I haven't been to Houston, but I've been to FL in the late spring, and the air felt like a heavy blanket. I couldn't stand it. I've been to El Paso, which can get quite hot - easier to breathe than hot humid places, but still uncomfortable.
That said, I'd rather live somewhere drier. As I'm typing this, I have a dehumidifier running. Since it rained recently, this room has been smelling musty and I've had furniture ruined from mold. In a drier area, this wouldn't be an issue and my laundry and hair would dry faster as well.
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Old 03-26-2012, 12:53 AM
 
1 posts, read 1,740 times
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I was in Dallas with humid heat- step outside & you immediately sweat. In El Paso with very low humidity, it's still hot, but it doesn't FEEL as hot as it would in a more humid area with the same temperature. It does dry out my skin sometimes which is not fun. I do like not having to worry about mold and the fact that everything dries really quickly (although it sucks that I have to water my plants very often if they're not succulents or cacti) -_-
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Old 03-26-2012, 01:28 PM
 
Location: Denver, Colorado U.S.A.
14,174 posts, read 23,172,164 times
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Quote:
Originally Posted by bm22 View Post
Some interesting 2011 weather data for Irvine (SNA airport station)

2011 Number of days 95+ degrees = 2 (both in Oct, probably during Santa Ana conditions) .05%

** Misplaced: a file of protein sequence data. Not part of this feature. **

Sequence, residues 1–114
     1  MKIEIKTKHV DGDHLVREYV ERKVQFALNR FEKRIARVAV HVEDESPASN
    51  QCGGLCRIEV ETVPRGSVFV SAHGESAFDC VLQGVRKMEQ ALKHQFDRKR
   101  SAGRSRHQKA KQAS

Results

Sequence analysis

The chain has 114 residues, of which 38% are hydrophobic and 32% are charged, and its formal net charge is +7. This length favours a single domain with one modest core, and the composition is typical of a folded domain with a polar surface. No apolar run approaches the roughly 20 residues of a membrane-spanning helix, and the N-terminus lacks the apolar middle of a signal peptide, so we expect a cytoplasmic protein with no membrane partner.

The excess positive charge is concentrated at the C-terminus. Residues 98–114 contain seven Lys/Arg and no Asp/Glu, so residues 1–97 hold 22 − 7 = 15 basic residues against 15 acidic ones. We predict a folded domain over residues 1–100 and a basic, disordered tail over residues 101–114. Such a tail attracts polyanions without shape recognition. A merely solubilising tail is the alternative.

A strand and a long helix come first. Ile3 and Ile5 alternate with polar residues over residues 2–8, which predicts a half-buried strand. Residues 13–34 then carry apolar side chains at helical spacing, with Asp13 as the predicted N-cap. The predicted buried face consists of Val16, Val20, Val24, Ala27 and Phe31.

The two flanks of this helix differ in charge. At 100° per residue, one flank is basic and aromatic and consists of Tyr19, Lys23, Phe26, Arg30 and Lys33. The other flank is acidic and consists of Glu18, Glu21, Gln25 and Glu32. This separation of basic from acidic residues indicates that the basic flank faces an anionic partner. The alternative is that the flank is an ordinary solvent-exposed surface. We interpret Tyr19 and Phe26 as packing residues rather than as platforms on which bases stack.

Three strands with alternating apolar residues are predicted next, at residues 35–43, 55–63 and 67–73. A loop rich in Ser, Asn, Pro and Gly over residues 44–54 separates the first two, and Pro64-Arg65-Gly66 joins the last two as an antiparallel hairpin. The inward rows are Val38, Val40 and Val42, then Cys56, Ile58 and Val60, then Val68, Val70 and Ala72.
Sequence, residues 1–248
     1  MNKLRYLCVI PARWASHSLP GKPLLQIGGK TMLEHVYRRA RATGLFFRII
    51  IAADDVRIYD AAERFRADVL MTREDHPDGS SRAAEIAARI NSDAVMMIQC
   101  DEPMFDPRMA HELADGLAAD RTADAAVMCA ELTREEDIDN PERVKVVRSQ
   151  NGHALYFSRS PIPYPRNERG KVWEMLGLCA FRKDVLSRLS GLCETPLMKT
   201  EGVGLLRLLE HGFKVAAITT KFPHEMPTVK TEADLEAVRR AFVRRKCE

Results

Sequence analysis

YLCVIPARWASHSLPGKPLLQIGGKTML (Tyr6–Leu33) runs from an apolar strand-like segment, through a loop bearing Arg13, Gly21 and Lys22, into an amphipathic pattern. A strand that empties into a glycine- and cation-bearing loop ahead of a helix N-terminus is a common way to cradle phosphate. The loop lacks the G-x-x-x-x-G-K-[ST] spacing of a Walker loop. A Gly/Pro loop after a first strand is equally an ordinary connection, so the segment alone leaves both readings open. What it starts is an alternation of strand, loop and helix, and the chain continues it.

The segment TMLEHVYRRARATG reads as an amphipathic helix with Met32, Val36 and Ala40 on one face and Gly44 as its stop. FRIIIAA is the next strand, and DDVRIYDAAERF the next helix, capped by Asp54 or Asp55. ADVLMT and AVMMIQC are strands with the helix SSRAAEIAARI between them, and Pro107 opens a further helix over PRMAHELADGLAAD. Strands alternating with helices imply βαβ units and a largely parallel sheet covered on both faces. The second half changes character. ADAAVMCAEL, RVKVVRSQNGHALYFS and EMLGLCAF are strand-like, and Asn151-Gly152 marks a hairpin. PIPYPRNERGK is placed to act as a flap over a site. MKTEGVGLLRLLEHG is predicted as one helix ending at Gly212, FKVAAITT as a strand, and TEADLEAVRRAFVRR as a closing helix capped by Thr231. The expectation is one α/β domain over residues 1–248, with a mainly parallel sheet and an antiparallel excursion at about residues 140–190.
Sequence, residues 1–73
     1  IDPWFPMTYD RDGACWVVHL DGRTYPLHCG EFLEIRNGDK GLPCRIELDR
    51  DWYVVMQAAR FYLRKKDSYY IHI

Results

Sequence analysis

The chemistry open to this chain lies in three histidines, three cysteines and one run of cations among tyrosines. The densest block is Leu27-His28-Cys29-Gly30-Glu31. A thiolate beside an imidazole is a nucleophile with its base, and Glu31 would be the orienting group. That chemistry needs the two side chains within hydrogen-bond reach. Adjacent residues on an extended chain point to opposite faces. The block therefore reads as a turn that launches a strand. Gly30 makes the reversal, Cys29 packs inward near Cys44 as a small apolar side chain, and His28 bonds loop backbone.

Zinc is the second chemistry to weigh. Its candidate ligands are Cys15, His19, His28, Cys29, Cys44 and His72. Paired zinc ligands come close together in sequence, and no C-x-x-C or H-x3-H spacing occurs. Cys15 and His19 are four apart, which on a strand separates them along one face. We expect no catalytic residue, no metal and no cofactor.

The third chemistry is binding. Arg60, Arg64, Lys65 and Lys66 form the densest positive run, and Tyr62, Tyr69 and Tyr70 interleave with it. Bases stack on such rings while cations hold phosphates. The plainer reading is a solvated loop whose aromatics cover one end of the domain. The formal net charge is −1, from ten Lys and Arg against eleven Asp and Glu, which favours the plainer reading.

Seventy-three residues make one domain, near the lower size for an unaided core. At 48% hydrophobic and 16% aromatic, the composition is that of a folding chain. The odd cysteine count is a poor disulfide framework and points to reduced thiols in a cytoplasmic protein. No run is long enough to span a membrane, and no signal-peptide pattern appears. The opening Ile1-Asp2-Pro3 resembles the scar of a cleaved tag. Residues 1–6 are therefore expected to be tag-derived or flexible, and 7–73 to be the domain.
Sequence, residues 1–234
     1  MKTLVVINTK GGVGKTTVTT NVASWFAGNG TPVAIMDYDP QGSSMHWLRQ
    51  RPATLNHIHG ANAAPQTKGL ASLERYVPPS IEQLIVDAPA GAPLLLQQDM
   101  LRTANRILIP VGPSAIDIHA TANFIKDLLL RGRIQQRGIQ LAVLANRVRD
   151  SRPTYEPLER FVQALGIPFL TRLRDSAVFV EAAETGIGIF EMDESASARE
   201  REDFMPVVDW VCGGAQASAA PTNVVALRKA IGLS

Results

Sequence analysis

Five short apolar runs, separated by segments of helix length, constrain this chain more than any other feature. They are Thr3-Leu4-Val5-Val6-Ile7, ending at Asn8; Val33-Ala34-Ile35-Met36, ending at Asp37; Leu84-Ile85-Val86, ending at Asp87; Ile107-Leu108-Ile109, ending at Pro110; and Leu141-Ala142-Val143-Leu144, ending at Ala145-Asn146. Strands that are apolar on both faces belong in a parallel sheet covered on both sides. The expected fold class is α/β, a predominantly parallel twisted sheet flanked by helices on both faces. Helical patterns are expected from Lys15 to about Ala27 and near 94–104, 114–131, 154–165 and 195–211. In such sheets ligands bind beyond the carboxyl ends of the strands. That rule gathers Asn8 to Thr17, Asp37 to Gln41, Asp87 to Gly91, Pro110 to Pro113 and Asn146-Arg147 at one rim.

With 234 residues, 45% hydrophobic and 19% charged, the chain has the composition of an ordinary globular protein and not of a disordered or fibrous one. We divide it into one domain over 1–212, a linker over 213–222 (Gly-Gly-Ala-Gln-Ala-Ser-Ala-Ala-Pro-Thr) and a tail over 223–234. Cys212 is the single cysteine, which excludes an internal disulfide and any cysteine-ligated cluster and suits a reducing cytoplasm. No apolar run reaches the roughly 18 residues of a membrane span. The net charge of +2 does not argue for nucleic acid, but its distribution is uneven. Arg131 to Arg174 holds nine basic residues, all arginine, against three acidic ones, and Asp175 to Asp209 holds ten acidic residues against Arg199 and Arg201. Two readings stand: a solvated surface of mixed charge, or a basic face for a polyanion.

2011 Number of days 90+ degrees = 7 (this includes the (2) 95+ days in Oct) 2%

Now is it really very hot in Irvine?
BTW, most summer days are much closer to 80 degrees than 90.
Exactly. Irvine, hot and humid? lol! I spend a decade in Orange and it was rarely hot or humid. I lived in San Antonio for a couple years and THAT was hot and humid!
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Old 03-27-2012, 03:40 PM
 
Location: Austell, Georgia
2,140 posts, read 3,007,982 times
Reputation: 2007
If it's the same temperature then dry wins handsdown.

But if you compare an average Phoenix 110F with 68% humidity day to Miami 90F with 89% humidity, then it's a wash. 110 degrees does not feel good whether dry or not.

In the end SOCAL has an almost perfect climate. Sometimes it does get too cool at night.
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Old 04-01-2012, 09:37 PM
 
Location: Chandler, AZ
5,802 posts, read 5,433,768 times
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Cities such as San Diego have been noted for having exceptional weather for decades, arguably the best in the nation, but irvine's weather (and most of the rest of the OC for that matter) isn't too shabby either, primarily because episodes of Teas-style humidity are nearly nonexistent, and the afternoon breezes which come in like clockwork in the early afternoon really minimize the duration of any super-hot stretches.

Consequently, dry-heat beats the heck out of Texas/Midwest/Deep South style heat anytime.

Last edited by Marv101; 04-01-2012 at 09:55 PM..